Some of us like to collect digital "things" and these things can be anything from documents, photos, books, comics, movies, television shows and more. You get the idea right? Well, there's a term for people who have collections that are large and I'll let you be the judge on how large it has to be. It's called Data Hoarding.
How it all began
Now, I think most of us have a bit of this (what I'll call) archiving trait deep down inside of us. Over the last couple years, as I have gotten older, I am realizing how precious things are. For me, this is mostly photos and family videos. Part of me never want's to think about these items disappearing or getting lost and forgotten. I want them to live on through the centuries to come, much like fine art. You see where this is going?
What you don't know is I have a tremendous passion for history. It's always been my favorite subject in school and topic of discussion other than technical talk of-course.
What is the Prado Museum?
You can learn more about the art and how it was obtained by the museum by clicking here and scrolling down.
I subscribed to the r/DataHoarder sub Reddit about a year ago and ever since then this archiving trait has been more and more enabled by people who share the same premise behind why this is so important. Well, 8 days ago, a cross post was made about the Prado Museum digitizing their complete collection on r/DataHoarder. They offer "free for personal use" downloads of every single piece of art on their site. However, there's over 3k pieces to download and 264 artists. So someone asked "Who's up to scraping it?"
The archiving process
I thought to myself "how hard could this be?" and I was in for a surprise. I tried a few tools to scrape the site but nothing I tried worked. I wasn't about to do this all by hand. That is until I began going through the art pieces and read a few artist bios. My love for history took over and I was hooked. To me this wasn't work, it was a pleasure to download all this art by hand and I had a great time doing it! I organized it all alphabetically into artist folders including a text file with the artist biography. I didn't take the time to create text files for the description of every piece of art though because that would have taken a very long time to do and I was not looking to get arthritis or sacrifice my health to do this. The mild neck fatigue was enough for me! It took me 8 days at about 4 hours a day to complete this task.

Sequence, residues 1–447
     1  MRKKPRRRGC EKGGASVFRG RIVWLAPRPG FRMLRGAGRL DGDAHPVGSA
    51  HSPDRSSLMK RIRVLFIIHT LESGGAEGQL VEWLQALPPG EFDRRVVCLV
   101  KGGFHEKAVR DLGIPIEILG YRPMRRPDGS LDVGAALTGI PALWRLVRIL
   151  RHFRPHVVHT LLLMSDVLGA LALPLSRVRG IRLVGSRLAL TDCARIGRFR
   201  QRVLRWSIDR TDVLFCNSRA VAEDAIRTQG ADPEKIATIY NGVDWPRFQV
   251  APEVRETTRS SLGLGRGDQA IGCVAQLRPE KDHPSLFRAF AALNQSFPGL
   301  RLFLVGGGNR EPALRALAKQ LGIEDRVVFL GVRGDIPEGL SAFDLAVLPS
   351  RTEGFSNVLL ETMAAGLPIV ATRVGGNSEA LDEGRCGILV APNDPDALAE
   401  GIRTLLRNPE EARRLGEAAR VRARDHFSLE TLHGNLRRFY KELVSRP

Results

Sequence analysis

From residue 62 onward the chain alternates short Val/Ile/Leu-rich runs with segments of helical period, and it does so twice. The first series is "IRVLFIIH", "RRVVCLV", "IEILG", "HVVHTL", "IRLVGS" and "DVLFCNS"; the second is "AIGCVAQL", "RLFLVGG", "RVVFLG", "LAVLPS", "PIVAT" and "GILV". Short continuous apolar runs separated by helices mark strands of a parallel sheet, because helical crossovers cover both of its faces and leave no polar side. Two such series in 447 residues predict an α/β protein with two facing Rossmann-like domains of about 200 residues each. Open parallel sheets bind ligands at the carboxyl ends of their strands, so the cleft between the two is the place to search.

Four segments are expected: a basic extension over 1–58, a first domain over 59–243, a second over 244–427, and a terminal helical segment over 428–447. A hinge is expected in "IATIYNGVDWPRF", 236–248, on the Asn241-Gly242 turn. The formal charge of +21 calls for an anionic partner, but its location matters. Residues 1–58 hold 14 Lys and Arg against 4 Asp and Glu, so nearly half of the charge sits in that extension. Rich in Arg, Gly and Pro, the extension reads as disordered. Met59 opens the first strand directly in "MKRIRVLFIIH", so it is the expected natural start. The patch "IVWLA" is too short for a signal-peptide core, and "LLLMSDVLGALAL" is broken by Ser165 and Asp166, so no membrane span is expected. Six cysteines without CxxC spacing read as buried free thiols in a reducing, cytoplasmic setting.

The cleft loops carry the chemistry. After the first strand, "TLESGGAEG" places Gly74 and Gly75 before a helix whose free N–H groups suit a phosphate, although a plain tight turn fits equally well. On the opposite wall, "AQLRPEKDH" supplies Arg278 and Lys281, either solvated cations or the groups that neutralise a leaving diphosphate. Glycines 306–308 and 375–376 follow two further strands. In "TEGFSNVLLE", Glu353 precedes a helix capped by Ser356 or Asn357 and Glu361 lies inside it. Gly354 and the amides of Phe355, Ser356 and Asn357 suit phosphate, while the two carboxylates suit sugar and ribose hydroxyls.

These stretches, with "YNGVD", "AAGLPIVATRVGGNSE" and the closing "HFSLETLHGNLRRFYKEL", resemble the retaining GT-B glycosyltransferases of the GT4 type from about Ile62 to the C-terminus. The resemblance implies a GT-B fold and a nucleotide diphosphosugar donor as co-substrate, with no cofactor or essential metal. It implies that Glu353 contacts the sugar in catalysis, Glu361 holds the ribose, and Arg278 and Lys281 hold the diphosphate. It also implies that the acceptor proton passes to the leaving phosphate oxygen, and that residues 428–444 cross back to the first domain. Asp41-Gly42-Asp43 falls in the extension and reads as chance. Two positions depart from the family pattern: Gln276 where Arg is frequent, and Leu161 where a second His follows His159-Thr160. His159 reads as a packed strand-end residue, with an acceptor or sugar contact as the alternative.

Why did I archive the Prado Museum?
I didn't do this for my own selfish interests but for the people of the future to learn, witness and carry on these memories whether it be my own family or the entire world. I believe things we love and cherish should be archived and shared with the world for as long as we are able to do it.
We live in a digital world and it's easier now than ever before to preserve information. So if you have the means to do it then know you're doing the future a favor whether they know it or not. It might be small or it might be big, that's up to the future generations to decide.
Download the Prado Museum Archive
The Prado Museum collection can be downloaded in it's entirety here. The password is datahoarder 😉. There are two separate folders. One has the original sizes and the other has both the original sizes and 4x up-scaled copies. The originals are 1920p while the up-scaled are 4x that size.
Torrent magnet url
The collection is being served by the self hosted app Filebrowser!
Final Notes and Thoughts
The experience of downloading the Prado Museum archive was actually very invigorating in a sense that it gave me a new found love for art and the history behind it. This experience drove me to learn more about art and even possibly take it up as a hobby in the near future. It's a great way for me to relieve stress and I think we could all use a good stress reliever!